The Sky is Not Falling in the Fraser Valley
The Fraser Valley Residential Real Estate Market is Finding Equilibrium
Each month we analyze the Fraser Valley Real Estate Board’s stats to extract key insights and build our monthly infographic (shameless plug – email us at [email protected] to receive it). This month, in an effort to find some context for stats that look dramatic when viewed with a short-term lens and compared to recent record-breaking years, we zoomed out and looked at the last decade of market data and found that many of the key activity metrics and indicators of competition are returning to an equilibrium. Below, we’ve used townhome sales data to illustrate this as townhomes are a staple product type in the Fraser Valley, but it’s worth noting that we could have just as easily used detached homes or condos as they exhibit the same behaviour.
Inventory Levels are Back to Normal
The chart below shows monthly townhouse inventory (green line) over a 10 year period, the inventory for each January (blue markers) and the 10 year average for the month of January (red line). You can see, while 2016 to 2018 were exciting, all the “spikes” in inventory we’ve seen are only bringing us back to what should be considered normal inventory levels.
Fraser Valley Townhome Inventory (Active Listings)
Sales to Active Listings Ratio Has Rebalanced
The sales to active listings ratio is used to determine whether we are in a seller’s, buyer’s or balanced market. As you can see below, the ratio jumped into an exceptionally strong seller’s market (anything over 20%) for a couple years starting in 2016 but that party’s over. If you look closely, we’re actually still sitting above the ratio of most Januarys from 2011 to 2015.
Sales to Active Listings Ratio (Fraser Valley Townhomes)
At the peak of the market you’ll notice this metric broke – sales to active listings exceeded 100%, which should be theoretically impossible. The reason this happened is that active listings are counted at on the last day of the month, not cumulatively added over the course of the month. So, when days on market plummeted and listings were selling in only a couple days or weeks, that data wasn’t captured.
Sale Price as a Percent of List Price Has Returned to Historical Levels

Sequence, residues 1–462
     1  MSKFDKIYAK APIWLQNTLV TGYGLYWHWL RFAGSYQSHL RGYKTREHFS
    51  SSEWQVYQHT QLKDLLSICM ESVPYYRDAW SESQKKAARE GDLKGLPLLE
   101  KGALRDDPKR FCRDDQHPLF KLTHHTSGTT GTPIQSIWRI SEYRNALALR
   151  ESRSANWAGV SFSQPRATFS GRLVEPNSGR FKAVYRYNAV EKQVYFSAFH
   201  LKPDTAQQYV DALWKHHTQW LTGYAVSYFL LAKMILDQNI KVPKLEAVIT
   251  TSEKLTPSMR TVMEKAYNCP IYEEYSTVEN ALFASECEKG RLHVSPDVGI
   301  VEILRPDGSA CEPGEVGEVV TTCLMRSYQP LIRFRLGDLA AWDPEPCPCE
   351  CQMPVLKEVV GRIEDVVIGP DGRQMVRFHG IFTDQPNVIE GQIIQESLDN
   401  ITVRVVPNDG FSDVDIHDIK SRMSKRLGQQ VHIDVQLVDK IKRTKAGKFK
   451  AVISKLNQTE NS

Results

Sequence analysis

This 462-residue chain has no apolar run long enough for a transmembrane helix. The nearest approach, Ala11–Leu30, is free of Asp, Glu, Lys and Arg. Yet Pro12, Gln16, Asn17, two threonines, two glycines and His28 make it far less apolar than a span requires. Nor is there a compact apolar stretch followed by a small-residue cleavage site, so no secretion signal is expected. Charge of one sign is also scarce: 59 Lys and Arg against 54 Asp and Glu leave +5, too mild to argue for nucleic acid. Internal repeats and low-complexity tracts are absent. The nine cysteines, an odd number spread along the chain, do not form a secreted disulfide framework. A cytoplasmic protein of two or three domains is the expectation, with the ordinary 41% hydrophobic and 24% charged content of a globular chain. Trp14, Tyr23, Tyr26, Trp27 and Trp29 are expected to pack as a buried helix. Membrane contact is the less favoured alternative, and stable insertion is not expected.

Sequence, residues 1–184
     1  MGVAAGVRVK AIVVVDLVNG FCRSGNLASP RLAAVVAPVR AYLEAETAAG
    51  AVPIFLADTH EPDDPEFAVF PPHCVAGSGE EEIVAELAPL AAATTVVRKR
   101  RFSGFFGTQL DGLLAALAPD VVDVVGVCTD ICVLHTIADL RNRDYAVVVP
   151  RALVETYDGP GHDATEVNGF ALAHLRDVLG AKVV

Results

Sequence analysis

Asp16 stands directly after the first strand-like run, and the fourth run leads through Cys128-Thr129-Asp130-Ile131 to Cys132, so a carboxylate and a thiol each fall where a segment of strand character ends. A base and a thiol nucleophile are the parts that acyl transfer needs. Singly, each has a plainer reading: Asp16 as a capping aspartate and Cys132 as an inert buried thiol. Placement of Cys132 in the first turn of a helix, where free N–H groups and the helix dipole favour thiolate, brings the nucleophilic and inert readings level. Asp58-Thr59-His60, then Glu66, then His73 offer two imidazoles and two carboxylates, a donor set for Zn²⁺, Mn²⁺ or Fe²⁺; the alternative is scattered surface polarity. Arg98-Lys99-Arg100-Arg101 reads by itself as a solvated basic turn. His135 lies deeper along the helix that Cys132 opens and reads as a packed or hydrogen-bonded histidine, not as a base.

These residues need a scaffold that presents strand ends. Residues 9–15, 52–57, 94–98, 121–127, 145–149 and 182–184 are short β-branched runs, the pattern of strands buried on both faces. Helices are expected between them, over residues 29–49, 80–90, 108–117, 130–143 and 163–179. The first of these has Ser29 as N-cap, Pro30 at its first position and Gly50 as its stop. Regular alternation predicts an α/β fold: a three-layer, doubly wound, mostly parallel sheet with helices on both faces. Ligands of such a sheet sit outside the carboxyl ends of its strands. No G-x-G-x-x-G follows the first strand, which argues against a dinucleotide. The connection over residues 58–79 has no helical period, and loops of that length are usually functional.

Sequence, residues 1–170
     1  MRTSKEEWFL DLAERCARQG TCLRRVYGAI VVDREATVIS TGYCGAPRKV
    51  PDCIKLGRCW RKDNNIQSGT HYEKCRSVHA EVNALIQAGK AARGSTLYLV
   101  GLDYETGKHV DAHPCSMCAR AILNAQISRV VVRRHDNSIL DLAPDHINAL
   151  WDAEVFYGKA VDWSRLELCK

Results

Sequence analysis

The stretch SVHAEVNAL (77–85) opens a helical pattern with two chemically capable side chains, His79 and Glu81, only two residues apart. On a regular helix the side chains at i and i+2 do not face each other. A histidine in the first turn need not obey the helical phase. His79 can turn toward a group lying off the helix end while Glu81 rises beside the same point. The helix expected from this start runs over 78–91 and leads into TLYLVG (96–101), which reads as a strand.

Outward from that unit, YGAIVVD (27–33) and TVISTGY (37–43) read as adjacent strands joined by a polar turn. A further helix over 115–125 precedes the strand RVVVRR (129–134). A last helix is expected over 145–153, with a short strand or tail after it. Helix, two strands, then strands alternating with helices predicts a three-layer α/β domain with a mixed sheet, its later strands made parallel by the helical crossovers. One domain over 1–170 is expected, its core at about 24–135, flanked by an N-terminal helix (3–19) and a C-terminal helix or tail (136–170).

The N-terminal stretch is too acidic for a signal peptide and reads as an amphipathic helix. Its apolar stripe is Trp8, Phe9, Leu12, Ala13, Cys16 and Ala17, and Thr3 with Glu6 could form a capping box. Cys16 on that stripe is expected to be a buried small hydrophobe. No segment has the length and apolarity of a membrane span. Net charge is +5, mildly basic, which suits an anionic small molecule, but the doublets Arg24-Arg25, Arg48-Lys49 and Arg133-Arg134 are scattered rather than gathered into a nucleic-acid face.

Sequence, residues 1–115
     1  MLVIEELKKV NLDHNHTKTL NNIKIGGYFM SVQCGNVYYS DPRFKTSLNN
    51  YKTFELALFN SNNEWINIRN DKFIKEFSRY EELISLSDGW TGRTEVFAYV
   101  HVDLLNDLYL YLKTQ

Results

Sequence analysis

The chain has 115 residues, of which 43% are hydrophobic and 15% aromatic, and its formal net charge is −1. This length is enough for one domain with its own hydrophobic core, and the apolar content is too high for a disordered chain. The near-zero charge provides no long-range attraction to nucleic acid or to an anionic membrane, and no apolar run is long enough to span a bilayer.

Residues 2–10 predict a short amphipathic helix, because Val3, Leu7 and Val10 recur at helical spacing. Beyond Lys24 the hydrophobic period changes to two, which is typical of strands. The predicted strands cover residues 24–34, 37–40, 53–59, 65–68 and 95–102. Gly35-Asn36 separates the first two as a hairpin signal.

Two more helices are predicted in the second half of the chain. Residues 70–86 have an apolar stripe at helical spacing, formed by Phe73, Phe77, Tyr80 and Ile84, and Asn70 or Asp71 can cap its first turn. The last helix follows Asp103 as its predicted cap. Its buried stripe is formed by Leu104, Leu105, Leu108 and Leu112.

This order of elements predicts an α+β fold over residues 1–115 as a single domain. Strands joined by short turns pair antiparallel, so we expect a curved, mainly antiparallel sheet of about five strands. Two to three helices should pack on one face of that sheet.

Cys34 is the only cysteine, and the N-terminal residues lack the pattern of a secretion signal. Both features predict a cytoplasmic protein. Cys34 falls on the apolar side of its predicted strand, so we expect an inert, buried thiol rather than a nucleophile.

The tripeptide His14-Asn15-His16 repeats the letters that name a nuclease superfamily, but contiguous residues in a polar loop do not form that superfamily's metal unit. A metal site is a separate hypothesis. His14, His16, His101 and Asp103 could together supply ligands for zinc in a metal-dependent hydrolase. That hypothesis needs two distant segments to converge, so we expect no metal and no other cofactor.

In mid-2016, the market was so hot that, on average, listings were selling for nearly 106% of their list price. You can see below that, as the market mellows out, listings are now selling for almost exactly the 10 year average of 96% of the original list price and that the downward trajectory is stabilizing.
Sale Price as a Percent of List Price (Fraser Valley Townhomes)
We have some reservations about the purity of this metric when it’s cited as an indicator of buyer competition. Sure, when there are multiple offers and a price is bid up this metric is impacted but what this metric hides is seller behaviour. For example, in our current declining market, the gap between list price and eventual sale price could be closing because sellers are beginning to list their properties at prices more in line with market value, rather than an increase in buyer competition. The point is that it’s not solely the quantity of buyers pursuing each listing that can drive this metric.
Days on Market is On Its Way Back Up
The average days on market for a townhome in the Fraser Valley is also reporting significant increases month-over-month, but as you can see below, the peak of the market had homes selling at speeds we haven’t experienced at any other time in the past decade.
Average Days on Market (Fraser Valley Townhomes)
What does all this mean?
When we zoom out and look at the last decade of key stats that are monitored on a monthly basis, we’re able to turn down the volume on all the noise in the media and see that the market isn’t falling apart but rather reverting to its mean, or stabilizing.
This reversion and stability underscore the increase in investor and builder confidence that we are feeling return to the market, just since the beginning of February. End-product sale prices and land values have come down but builders that were active in 2012 to 2014 recognize the familiar market temperature and are preparing to make land acquisition commitments again as they stay focused on the long game.
As we mentioned, if you don’t already receive our residential development land newsletter with our monthly insights on the Board’s stats and what it means for the land market, shoot us an email ([email protected]) and we’ll get you on the mailing list.
Sources: Fraser Valley Real Estate Board
Note: This representation is based in whole or in part on data generated by the Fraser Valley Real Estate Board which assumes no responsibility for its accuracy.